January 2008 Archives

There's a voluminous amount of QA work remaining for Firefox 3--both for its beta(s?) and its 3.0 release; even though I'm immersed in it daily, I still find it hard to not only prioritize, but even to capture what work remains. I'm going to make a feeble attempt to encapsulate said work, but I'm quite positive I'll fail in some way :-P Still, here goes...

How can you help?

1. Write or clean up Litmus testcases. Although the current setup of Litmus requires Admin status to edit (add/delete) testcases, you can still write them if they're not clearly stated enough in the bug. In tandem with an "in-litmus?" flag, it can be very helpful to ensure test coverage.


List of requested testcases for Firefox 3.

In the query above, I've excised "Open" bugs simply because that *should* mean the feature/bug fix isn't yet implemented; that doesn't mean, of course, that test coverage around it isn't needed; it's just a prioritization. (Semi-colons ftw!)

Clean up:

Most-unclear testcases

Recently unclear testcases

Ready to start? Create an account!

2. Run Litmus testcases. It should be self-explanatory, but we're looking for users running nightly builds of Firefox 3 to help us track its level of quality and feature implementation. By running *any* accurate test and submitting your valuable feedback, you help us get a clearer picture of when and if something has regressed, or, in general, how stable a given feature set is (based on its tests, though, so coverage varies by each area's level of test-completeness.)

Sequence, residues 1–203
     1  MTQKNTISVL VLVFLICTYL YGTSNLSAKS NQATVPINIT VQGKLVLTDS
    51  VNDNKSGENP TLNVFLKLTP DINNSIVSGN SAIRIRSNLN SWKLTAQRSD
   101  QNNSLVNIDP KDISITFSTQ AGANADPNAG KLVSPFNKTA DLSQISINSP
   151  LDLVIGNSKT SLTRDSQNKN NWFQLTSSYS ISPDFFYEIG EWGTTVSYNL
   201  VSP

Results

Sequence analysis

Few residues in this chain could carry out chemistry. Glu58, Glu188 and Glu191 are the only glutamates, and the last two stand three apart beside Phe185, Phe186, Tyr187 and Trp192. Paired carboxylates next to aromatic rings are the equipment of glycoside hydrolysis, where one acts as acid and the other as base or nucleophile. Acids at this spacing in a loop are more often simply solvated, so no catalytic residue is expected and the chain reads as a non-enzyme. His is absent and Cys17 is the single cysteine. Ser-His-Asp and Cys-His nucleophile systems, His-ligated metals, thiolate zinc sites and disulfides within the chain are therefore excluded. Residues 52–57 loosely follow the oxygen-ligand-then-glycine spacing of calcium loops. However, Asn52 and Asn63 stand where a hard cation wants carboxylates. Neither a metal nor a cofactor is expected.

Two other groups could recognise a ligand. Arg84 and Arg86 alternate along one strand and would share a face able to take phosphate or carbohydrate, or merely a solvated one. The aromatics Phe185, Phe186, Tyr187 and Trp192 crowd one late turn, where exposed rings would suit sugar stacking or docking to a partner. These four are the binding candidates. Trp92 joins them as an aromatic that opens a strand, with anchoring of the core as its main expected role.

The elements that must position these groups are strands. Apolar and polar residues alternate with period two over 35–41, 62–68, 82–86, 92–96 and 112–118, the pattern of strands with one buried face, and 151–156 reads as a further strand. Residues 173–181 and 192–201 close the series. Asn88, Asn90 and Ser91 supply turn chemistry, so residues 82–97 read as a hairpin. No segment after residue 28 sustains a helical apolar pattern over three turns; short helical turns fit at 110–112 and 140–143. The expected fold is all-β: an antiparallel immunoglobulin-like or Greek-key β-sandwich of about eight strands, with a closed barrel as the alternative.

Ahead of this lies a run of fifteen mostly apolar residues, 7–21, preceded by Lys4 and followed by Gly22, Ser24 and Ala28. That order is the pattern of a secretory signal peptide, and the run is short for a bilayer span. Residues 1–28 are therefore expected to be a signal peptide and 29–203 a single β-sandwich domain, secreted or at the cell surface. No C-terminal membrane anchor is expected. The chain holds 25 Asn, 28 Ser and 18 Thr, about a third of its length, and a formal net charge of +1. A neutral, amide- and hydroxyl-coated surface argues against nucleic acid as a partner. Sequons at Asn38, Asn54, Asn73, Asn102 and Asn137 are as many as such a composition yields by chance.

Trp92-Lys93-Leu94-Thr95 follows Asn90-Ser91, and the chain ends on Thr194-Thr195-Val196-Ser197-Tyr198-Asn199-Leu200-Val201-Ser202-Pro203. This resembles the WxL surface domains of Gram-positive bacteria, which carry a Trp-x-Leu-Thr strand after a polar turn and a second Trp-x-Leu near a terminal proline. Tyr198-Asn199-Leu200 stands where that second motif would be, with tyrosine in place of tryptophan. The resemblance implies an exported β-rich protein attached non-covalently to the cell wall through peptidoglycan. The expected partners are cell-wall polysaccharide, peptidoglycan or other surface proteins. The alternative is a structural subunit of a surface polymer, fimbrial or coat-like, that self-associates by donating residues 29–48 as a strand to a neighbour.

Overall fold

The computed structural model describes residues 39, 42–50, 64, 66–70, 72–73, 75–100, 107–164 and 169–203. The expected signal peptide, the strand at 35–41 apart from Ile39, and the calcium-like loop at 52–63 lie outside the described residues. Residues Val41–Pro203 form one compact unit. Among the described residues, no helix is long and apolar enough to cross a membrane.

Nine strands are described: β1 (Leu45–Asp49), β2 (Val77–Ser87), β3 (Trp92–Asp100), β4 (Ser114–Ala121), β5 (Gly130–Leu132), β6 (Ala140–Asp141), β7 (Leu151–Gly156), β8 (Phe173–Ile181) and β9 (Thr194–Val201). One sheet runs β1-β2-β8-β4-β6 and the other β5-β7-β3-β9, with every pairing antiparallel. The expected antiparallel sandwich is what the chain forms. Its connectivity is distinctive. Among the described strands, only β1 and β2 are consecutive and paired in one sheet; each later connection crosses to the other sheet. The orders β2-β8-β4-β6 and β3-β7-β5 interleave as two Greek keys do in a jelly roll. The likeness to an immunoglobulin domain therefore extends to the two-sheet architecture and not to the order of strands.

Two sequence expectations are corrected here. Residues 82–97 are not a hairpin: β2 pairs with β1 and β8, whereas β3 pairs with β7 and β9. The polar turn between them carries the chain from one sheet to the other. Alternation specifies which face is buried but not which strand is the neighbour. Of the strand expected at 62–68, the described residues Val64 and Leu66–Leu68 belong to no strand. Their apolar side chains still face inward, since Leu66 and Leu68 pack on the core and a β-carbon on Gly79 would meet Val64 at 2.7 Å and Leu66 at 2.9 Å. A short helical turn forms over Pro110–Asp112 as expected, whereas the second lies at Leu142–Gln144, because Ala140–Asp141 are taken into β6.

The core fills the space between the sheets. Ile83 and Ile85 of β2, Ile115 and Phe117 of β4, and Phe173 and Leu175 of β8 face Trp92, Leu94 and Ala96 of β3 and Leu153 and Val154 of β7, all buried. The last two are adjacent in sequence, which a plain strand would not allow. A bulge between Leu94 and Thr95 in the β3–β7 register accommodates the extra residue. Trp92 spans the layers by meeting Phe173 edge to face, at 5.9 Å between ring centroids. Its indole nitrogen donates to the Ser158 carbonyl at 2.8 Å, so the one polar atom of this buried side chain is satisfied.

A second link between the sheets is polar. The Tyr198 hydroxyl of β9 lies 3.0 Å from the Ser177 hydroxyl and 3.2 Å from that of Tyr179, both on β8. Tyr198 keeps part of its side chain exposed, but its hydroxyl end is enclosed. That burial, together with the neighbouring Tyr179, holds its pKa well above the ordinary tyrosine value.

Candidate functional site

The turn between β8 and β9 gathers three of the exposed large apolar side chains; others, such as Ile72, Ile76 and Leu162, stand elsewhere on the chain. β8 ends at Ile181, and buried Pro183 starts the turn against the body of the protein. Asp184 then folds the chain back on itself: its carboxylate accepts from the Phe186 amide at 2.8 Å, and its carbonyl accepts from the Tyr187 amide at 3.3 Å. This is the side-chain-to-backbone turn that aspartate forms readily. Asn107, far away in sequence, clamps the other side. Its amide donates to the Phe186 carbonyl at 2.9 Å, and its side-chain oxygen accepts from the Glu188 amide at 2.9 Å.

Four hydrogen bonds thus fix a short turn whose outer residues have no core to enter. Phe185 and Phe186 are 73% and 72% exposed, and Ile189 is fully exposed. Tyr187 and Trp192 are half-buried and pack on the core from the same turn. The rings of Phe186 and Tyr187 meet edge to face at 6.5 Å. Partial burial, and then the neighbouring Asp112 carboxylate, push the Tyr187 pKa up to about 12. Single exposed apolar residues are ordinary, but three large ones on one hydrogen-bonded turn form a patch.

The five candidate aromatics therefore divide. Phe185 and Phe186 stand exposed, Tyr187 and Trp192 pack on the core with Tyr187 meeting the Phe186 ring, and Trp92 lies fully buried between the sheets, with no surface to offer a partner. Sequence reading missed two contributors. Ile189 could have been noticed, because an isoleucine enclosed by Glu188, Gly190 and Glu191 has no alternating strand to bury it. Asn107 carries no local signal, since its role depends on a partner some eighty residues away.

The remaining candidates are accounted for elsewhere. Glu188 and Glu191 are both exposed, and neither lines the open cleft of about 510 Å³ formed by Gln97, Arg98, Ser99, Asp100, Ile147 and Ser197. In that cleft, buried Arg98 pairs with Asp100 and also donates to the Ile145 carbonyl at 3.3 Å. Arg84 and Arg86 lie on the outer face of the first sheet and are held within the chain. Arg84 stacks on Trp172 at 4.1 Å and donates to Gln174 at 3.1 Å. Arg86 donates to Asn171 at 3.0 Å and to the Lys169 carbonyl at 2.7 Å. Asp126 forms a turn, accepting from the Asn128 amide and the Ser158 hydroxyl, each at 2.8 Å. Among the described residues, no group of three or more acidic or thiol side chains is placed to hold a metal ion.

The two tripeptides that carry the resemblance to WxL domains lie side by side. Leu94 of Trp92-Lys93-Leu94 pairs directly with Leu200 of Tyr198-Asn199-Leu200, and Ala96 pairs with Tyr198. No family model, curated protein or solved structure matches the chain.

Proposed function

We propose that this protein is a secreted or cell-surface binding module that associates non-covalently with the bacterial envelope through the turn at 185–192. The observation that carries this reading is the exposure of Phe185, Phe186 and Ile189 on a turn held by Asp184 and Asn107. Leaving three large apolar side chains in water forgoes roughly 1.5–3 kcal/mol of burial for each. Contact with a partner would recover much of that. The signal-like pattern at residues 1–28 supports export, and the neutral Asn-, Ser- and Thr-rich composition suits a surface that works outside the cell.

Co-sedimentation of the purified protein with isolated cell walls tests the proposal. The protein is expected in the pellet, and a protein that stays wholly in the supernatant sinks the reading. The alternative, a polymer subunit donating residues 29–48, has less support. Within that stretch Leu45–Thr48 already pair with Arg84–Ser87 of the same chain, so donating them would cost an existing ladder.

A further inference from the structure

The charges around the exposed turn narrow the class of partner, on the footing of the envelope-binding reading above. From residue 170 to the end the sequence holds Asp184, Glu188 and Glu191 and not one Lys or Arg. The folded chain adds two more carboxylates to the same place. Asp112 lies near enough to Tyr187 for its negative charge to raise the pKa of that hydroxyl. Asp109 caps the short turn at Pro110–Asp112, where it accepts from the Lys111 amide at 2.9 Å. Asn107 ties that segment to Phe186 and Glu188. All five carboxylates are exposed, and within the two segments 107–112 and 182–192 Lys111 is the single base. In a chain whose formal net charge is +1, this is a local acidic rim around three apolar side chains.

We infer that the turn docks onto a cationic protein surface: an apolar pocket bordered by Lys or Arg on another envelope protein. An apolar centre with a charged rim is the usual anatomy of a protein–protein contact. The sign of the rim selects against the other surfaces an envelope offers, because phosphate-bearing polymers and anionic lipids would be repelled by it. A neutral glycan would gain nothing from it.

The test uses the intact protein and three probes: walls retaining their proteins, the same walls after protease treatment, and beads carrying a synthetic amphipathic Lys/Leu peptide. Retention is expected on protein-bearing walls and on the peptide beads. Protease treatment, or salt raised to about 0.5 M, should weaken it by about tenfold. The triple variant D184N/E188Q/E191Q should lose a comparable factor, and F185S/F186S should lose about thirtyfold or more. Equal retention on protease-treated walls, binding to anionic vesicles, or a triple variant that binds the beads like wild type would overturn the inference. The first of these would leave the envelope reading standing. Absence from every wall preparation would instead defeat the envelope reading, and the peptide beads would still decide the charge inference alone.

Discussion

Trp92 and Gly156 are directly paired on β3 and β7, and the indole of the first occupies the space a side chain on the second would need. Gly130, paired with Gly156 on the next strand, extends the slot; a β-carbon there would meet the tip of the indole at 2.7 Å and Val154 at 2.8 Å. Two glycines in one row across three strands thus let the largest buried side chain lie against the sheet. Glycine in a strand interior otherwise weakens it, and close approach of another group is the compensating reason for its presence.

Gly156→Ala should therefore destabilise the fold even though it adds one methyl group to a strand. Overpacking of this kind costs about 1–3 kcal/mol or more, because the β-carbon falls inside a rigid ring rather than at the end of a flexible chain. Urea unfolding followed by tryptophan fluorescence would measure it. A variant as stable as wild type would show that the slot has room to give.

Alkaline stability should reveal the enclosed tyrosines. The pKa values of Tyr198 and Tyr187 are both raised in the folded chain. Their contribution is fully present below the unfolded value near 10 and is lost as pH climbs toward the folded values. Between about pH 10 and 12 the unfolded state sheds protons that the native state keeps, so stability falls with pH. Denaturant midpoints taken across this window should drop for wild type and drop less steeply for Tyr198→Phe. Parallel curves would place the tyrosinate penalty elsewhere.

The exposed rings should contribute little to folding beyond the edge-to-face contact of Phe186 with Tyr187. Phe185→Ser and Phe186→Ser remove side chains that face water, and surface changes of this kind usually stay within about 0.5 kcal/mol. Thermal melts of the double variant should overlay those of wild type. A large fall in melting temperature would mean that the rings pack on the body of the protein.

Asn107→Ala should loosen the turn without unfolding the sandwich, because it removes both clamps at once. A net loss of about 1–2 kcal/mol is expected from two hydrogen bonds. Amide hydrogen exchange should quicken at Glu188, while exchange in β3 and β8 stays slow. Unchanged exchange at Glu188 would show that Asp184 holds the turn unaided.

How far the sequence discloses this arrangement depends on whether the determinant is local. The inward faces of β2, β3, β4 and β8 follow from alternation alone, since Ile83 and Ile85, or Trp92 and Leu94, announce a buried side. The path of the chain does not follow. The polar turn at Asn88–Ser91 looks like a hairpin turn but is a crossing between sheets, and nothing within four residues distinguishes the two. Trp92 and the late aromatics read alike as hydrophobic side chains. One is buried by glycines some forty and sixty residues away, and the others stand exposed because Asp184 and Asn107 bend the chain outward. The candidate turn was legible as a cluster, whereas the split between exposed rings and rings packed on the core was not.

Recent test failures--there are more such links on the footer of Litmus.

3. Verify Resolved FIXED Firefox 3 bugs.

4. Flag bugs as needing Litmus testcases. In each Firefox 3 bug, there should be a flag called "in-litmus" with four states: 1) empty, 2) ?, 3) -, and 4) +.

If you think a fixed bug (including those in the "VERIFIED" state) needs a manual testcase, select "?" from the "in-litmus" dropdown. Feel free to sprinkle liberally, but please exercise common sense; in addition to bugmail spam (which is all fine and good), for those of us whom run queries and write testcases, the time spent determining whether a testcase is indeed needed should be a no-brainer.

That said, the current list we have is by no means comprehensive, and, although it takes time to parse through the current list of testcases covered and match them with the request, it's well worth it to have more comprehensive coverage.

5. Stop by #qa on irc://irc.mozilla.org if you have further questions; we'd love to have folks helping out with any of these areas!


The original Thunderbird bug!

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I was reading some of my old entries here, and found the _original_ Thunderbird bug; i.e. the bug that began the work which eventually transformed Mozilla MailNews into what's now known as Thunderbird.


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This page is an archive of entries from January 2008 listed from newest to oldest.

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